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I've read about the disadvantages (especially this one) of using SVN to store build artificats (large binary files). Hudson was suggested as an alternative.

How does Hudson handle these files?

Edit: My project is not Java-based.

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3 Answers 3

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Hudson is basically using flat file storage. You can find those files within Hudson in the jobs/builds/ folders. I'm not sure I'd say, "Use Hudson as an alternative to checking in file to source control" but using something as an alternative is a decent idea if it provides:

  1. authoritative place to store
  2. versioned binaries access control
  3. checksums for tamper resistance
  4. release meta-data (environment information; approval level)
  5. retention periods

I'm not sure how well Hudson scores on those marks, but I think it does at least some of that. SVN is non-terrible as a solution there as well, but really struggles with retention periods (old builds tend to eat disk space like crazy) and isn't terribly well optimized for large binaries - most SCM systems are optimized for smallish text files.

I stole the list above from this presentation: http://www.anthillpro.com/html/resources/webinars/Role_of_Binary_repositories_in_Software_Configuration_Management.html (registration required)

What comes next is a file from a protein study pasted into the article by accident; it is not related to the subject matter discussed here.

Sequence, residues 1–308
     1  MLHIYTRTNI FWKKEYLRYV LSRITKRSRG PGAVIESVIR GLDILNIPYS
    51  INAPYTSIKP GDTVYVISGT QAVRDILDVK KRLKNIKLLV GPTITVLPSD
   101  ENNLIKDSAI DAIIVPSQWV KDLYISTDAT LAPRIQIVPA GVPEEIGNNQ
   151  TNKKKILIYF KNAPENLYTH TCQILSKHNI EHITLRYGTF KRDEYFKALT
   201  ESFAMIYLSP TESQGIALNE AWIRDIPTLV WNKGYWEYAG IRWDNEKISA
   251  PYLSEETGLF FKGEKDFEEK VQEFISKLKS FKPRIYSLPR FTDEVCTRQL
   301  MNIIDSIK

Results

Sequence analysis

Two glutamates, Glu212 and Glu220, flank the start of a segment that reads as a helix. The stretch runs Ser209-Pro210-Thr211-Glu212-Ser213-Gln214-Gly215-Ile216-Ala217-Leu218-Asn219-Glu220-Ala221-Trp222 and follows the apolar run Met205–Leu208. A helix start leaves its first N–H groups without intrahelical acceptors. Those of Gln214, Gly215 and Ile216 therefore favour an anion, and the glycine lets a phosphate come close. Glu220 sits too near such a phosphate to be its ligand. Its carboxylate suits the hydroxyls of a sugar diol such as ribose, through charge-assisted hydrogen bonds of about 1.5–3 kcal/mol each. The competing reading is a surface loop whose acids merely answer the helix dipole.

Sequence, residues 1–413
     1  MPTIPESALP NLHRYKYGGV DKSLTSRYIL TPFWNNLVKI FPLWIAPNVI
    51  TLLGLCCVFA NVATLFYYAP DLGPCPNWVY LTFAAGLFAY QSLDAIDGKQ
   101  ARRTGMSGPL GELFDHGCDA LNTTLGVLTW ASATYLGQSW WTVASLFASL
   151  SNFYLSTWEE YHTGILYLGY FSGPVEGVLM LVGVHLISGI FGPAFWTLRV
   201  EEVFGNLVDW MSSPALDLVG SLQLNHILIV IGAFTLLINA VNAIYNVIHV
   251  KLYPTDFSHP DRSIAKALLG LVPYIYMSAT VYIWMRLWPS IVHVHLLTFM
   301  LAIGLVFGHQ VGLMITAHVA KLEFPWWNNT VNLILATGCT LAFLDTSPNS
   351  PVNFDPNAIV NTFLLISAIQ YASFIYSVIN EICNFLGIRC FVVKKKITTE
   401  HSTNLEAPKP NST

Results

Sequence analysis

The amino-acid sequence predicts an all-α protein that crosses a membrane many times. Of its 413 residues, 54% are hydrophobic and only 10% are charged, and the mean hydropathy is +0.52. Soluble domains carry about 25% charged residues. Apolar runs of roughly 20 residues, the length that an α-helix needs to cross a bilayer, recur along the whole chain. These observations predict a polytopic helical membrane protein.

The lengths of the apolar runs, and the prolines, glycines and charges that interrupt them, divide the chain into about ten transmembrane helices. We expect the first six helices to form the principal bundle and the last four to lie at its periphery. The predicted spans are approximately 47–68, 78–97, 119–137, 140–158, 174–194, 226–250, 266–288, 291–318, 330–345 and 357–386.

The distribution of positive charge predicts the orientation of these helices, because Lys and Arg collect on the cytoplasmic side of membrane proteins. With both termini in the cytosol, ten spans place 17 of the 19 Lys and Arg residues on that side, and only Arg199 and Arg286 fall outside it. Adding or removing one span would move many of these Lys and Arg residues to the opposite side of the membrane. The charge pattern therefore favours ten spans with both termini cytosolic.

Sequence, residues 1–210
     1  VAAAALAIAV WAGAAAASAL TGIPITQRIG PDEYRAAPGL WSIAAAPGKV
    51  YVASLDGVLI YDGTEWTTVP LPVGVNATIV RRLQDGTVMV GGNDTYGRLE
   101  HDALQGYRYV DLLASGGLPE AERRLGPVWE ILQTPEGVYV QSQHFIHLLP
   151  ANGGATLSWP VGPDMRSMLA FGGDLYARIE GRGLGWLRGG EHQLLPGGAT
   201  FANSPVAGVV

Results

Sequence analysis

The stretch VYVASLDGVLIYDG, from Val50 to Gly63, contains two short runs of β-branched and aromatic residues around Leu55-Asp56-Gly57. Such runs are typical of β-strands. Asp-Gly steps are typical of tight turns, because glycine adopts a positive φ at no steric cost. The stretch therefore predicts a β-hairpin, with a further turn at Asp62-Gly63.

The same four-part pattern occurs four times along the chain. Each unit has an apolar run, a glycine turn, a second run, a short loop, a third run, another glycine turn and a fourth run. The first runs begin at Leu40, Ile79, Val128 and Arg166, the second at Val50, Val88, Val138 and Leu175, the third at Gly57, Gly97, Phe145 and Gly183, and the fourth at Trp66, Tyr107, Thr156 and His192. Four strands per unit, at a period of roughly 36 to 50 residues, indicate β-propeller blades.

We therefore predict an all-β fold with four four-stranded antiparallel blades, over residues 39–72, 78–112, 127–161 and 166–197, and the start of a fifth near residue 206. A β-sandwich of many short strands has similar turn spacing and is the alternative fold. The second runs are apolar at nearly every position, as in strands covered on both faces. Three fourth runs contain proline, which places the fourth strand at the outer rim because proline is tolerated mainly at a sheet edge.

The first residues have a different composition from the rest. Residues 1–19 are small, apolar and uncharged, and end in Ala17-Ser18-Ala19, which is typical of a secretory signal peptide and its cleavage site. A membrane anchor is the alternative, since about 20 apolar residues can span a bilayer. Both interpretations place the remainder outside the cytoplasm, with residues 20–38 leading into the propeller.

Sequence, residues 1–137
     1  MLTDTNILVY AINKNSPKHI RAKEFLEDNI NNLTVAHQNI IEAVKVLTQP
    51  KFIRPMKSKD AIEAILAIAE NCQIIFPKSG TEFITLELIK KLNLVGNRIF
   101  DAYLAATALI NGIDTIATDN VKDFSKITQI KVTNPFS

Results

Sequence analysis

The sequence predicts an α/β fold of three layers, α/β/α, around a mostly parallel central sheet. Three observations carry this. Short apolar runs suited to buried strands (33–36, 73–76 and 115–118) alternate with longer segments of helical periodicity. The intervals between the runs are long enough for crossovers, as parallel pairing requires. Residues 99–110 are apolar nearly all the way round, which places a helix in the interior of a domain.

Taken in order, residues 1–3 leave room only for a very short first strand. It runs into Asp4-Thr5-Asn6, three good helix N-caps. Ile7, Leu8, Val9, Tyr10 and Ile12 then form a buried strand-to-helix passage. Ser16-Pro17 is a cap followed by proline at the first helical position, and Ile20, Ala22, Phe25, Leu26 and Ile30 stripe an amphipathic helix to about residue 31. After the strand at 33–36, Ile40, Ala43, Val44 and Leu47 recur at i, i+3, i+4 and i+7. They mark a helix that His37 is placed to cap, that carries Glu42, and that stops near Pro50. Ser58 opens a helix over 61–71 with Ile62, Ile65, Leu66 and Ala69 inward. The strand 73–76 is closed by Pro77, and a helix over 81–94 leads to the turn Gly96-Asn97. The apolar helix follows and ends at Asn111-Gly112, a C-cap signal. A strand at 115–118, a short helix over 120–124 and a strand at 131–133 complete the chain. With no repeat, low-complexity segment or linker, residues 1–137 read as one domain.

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Hudson can create/keep an archive of build artifacts, and provides a nice browser view for inspecting them.

You need to enable Archive the Artifacts in the job definition.

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We use Jenkins for our builds, but we also store the artifacts from the builds. Like Eric said above, Hudson/Jenkins store artficats using flat file storage. It is organized based on the build.

Some things I have noticed from use (in reponse to Eric's questions about an alternative to souce control for binaries):

  • Each build stores it's own artifact, so you do have a versioning of sorts.
  • You can use the fingerprinting option when archiving. This will allow you to differentiate between versions and also check for corruption.
  • Retention periods are completely up to you. We keep artifacts forever.

FYI, our projects are not Java either (they are C/C++) and our artifacts are tar.gz/zip files and documents.

It may or may not be the best way to store binaries, but it is definitely decent as long as you have regular backups (weekly in our case) and your disk is fault tolerant.

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